As you all probably found out from reading, he graduated from Columbia University’s library school in 1968, prior to the “digital revolution” /advent of postmodern librarianship, or whatever term we may use for the shift he identifies. However, based on his past work experiences, I think I can begin to see how he made up for what he missed in library school in the 60s. I mean, he had to be in the know—back in 1996, he wrote “guests at postmodern birthday parties watch and comment on the videos shot and shown during the course of the party” (114)! I went to a birthday party in 1996, and nobody had a camera or made comments on videos, but that’s certainly what happens in 2013.
Besides working at several public and academic libraries, Young has served as a film-library specialist for the US Army; he received awards for heading a special library in Chu Chi, Vietnam; he helped work on the Library of Congress’s MARC program in the mid 80s (MARC stands for MAchine Readable Cataloging); he directed Faxon Academic Information Services for Faxon, Inc. and founded the Faxon Institute for Advanced Studies in Scholarly and Scientific Communications, where he “organized a program for the Society of Scholarly Information on Knowledge for Sale which reviewed the impact of digital technology on research publishing and academic libraries” (from Young’s LinkedIn profile); he served as president of the Chinese American Librarians Association (CALA) from 1989-90.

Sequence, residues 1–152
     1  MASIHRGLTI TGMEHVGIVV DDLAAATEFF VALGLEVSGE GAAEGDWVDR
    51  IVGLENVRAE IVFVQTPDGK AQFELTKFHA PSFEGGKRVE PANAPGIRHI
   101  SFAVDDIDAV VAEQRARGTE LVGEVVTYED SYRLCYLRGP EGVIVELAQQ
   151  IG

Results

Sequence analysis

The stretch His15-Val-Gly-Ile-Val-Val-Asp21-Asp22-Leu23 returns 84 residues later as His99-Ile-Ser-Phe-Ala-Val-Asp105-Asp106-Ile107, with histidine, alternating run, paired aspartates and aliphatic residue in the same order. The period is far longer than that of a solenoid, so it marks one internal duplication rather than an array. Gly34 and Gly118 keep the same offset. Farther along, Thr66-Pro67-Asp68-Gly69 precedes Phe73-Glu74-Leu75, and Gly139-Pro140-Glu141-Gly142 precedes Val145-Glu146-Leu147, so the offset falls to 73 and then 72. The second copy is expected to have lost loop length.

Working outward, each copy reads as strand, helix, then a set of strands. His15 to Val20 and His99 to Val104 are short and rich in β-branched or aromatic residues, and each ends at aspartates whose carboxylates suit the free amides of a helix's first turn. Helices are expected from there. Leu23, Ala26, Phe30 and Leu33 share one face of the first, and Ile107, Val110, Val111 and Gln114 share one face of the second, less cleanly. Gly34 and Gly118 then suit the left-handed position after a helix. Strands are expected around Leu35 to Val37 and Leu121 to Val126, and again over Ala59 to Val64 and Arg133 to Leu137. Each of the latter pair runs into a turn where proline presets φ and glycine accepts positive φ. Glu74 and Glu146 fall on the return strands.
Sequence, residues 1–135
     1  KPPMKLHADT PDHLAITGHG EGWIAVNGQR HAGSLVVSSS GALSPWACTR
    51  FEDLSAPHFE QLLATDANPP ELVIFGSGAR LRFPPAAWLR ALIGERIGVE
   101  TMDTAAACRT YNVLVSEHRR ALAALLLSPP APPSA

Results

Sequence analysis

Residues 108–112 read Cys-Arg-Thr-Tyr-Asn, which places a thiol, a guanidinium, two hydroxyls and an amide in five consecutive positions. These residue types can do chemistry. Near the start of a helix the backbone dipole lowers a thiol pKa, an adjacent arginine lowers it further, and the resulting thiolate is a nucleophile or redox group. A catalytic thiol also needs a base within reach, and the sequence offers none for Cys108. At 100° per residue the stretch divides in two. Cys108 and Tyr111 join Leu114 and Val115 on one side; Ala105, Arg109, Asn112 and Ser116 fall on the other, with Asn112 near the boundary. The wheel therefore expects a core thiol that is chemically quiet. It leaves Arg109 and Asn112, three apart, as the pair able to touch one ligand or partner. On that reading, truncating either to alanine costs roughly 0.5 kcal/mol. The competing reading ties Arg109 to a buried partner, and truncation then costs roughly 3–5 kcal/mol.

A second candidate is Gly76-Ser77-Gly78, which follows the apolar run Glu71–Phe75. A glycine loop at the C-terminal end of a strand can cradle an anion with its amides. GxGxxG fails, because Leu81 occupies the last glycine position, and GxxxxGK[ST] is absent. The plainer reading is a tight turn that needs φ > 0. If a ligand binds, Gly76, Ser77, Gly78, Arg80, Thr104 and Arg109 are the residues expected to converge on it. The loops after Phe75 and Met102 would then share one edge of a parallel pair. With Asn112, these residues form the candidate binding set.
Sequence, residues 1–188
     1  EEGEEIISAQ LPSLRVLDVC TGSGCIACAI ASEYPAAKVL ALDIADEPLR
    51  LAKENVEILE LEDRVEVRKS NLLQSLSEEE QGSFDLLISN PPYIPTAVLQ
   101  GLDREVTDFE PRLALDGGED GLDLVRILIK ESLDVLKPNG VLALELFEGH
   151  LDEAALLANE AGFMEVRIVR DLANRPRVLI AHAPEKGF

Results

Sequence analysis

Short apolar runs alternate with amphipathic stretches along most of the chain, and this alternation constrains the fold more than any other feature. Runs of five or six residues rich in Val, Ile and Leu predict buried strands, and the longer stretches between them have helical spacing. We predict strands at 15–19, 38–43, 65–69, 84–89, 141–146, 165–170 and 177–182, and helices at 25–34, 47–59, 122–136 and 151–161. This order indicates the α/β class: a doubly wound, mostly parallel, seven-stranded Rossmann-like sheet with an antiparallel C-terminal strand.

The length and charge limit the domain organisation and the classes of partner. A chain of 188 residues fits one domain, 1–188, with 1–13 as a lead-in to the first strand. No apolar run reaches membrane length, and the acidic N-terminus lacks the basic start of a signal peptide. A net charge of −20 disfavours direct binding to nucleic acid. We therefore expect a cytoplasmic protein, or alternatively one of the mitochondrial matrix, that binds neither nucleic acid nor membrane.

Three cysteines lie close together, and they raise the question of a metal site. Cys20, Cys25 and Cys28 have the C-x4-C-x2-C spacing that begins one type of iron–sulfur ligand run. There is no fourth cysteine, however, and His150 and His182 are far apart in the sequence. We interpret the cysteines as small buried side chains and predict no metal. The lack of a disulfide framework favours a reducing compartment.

Most of his positions he held for about 2 years; the longest position on his LinkedIn profile he held for 7 years (which was the Executive Director position he held in 1996). Basically, Peter R. Young has seen libraries and librarianship from many angles.
|Library of Congress Reading Room|
By the way, the Library of Congress would like to inform you that the US Library of Congress “is the world’s preeminent reservoir of knowledge, providing unparalleled integrated resources to Congress and the American people” (from the press release cited earlier).